The Future of Travel Demand
As professional services businesses adjust to life working from home, our Transport Planning Director, Paul Lulham reflects on how the current circumstances are likely to change our travel and growth patterns in the future.
Having adjusted, somewhat uneasily, to the new ‘normal’ following two weeks confined to the home office, my thoughts – and those of many in the transport planning profession – have turned to the potential longer-term implications of Covid-19 on travel demand.
It seems inevitable that this episode will accelerate trends towards flexible and home-working amongst those in office jobs who have found that the technology (be it Skype, Teams or Zoom) is now more reliable and user-friendly than ever – even for luddites like me. I am personally hopeful that it will also reduce the number of face-to-face meetings for which the journey there and back is longer than the event itself!
As the President of the AA, Edmund King, told the BBC last week, the implications of this for national infrastructure planning could be significant. If commuter trips – which drive daily travel demand – fall dramatically, do we still need major transport projects like High Speed 2? Or the major upgrades to the motorway and trunk road network announced by the Chancellor in last month’s Budget? Should we instead divert this investment towards accelerating the rollout of superfast broadband to homes the length and breadth of the UK?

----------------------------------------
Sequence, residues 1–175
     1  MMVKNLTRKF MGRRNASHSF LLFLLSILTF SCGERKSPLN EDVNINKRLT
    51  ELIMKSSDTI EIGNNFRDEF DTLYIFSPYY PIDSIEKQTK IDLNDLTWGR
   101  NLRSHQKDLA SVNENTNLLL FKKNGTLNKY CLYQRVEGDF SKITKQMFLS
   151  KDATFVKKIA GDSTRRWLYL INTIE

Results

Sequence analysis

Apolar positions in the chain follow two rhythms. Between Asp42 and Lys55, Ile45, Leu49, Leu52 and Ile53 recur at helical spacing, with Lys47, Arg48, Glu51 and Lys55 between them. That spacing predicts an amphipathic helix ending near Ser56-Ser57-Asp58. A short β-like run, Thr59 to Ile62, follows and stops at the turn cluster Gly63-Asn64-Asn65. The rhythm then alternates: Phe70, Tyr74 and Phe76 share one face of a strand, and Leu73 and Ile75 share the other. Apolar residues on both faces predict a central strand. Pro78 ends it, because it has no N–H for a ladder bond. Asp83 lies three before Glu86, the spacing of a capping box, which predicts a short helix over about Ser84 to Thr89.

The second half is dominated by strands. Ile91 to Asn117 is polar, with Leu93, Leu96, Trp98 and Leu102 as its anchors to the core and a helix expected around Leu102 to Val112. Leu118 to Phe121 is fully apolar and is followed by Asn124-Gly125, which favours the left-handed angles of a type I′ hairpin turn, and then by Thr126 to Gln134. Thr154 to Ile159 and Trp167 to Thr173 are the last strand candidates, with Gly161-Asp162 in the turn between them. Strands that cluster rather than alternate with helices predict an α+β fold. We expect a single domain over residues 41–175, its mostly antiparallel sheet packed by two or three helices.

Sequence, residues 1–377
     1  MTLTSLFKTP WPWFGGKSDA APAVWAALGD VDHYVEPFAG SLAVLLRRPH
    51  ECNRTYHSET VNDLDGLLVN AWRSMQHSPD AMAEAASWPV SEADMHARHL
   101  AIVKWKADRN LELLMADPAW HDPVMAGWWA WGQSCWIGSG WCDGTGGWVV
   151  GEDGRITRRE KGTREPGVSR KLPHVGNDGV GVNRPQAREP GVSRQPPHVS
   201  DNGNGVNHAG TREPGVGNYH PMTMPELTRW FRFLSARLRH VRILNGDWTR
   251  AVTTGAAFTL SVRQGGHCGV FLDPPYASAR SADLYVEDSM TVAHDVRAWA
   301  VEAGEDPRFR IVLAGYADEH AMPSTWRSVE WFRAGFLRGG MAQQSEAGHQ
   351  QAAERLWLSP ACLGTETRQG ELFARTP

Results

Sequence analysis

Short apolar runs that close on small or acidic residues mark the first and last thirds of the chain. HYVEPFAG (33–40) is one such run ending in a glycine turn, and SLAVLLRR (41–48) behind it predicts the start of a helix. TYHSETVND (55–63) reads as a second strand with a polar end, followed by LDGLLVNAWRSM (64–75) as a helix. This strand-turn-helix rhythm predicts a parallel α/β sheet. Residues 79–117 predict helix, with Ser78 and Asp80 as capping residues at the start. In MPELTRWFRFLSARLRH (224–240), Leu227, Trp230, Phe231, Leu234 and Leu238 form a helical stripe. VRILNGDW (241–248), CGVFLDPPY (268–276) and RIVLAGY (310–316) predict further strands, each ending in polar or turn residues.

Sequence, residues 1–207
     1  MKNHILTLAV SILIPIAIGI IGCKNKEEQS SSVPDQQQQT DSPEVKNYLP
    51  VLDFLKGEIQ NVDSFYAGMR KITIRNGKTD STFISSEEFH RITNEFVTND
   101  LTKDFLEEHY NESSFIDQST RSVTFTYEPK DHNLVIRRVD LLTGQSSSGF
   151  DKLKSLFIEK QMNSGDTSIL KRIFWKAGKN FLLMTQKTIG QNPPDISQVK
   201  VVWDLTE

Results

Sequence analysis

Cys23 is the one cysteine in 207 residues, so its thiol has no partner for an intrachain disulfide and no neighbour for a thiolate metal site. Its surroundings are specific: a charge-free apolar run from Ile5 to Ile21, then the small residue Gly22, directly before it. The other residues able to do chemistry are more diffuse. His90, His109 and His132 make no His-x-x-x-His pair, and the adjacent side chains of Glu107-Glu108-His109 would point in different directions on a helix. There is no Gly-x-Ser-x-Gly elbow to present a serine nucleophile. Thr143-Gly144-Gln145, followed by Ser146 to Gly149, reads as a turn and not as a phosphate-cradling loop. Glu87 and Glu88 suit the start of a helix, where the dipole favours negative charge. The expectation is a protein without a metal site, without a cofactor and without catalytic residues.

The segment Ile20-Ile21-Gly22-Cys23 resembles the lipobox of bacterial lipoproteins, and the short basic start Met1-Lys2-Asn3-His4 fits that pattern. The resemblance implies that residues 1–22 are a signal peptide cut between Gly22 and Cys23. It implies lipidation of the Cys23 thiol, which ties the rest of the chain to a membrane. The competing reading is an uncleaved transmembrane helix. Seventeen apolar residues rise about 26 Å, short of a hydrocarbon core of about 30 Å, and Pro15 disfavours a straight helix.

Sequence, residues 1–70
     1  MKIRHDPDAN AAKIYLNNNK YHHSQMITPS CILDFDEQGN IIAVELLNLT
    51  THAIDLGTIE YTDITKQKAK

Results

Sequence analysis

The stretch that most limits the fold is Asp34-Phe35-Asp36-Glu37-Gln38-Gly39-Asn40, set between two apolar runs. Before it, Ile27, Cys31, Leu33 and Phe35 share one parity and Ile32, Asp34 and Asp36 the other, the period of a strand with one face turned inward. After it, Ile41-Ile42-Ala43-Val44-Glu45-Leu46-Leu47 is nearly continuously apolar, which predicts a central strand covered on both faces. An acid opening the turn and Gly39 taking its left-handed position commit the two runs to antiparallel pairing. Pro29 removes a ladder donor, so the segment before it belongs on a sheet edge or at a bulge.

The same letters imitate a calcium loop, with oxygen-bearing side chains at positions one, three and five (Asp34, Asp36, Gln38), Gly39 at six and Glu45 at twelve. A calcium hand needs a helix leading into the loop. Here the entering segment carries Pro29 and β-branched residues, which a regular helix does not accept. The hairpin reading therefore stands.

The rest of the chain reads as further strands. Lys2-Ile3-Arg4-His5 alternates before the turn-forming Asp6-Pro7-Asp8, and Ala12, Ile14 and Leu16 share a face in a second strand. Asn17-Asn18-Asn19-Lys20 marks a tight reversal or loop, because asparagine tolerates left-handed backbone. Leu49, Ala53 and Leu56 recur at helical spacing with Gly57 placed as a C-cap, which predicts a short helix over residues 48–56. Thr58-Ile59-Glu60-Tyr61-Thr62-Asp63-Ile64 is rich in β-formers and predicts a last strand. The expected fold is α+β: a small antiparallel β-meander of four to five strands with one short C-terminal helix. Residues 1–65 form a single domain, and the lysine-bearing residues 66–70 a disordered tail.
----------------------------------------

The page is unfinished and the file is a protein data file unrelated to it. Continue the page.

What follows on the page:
Clearly the environmental benefits of this trend could be game changing, particularly if it is repeated throughout the Western world. And at a time when most experts agree we are facing a climate emergency, it is vital that we embrace it.
Yet there will always be a need for travel and face to face meetings, and as the current lockdown reminds us, there remain huge social benefits in physical interaction which should not be underplayed. Greater time at home also means increased deliveries and the demand for freight and logistics infrastructure that comes with that.
To my mind therefore, it is not yet time to scrap all road and rail projects out of hand, particularly in the context of ongoing population growth. But at a local level, I am in agreement with Professor Greg Marsden from the Leeds University’s Transport Studies Unit, who told the BBC that we should take this opportunity to rebuild our public transport networks and invest in electric vehicle infrastructure.
By taking this approach, we can continue to rebalance the transport system in favour of sustainable modes such as rail and buses and building future growth around them – with all the environmental and health benefits that come with that – whilst also building a more efficient and reliable national network for longer-distance passenger and freight movements.
In the meantime, the home office will see us through.
 BBC News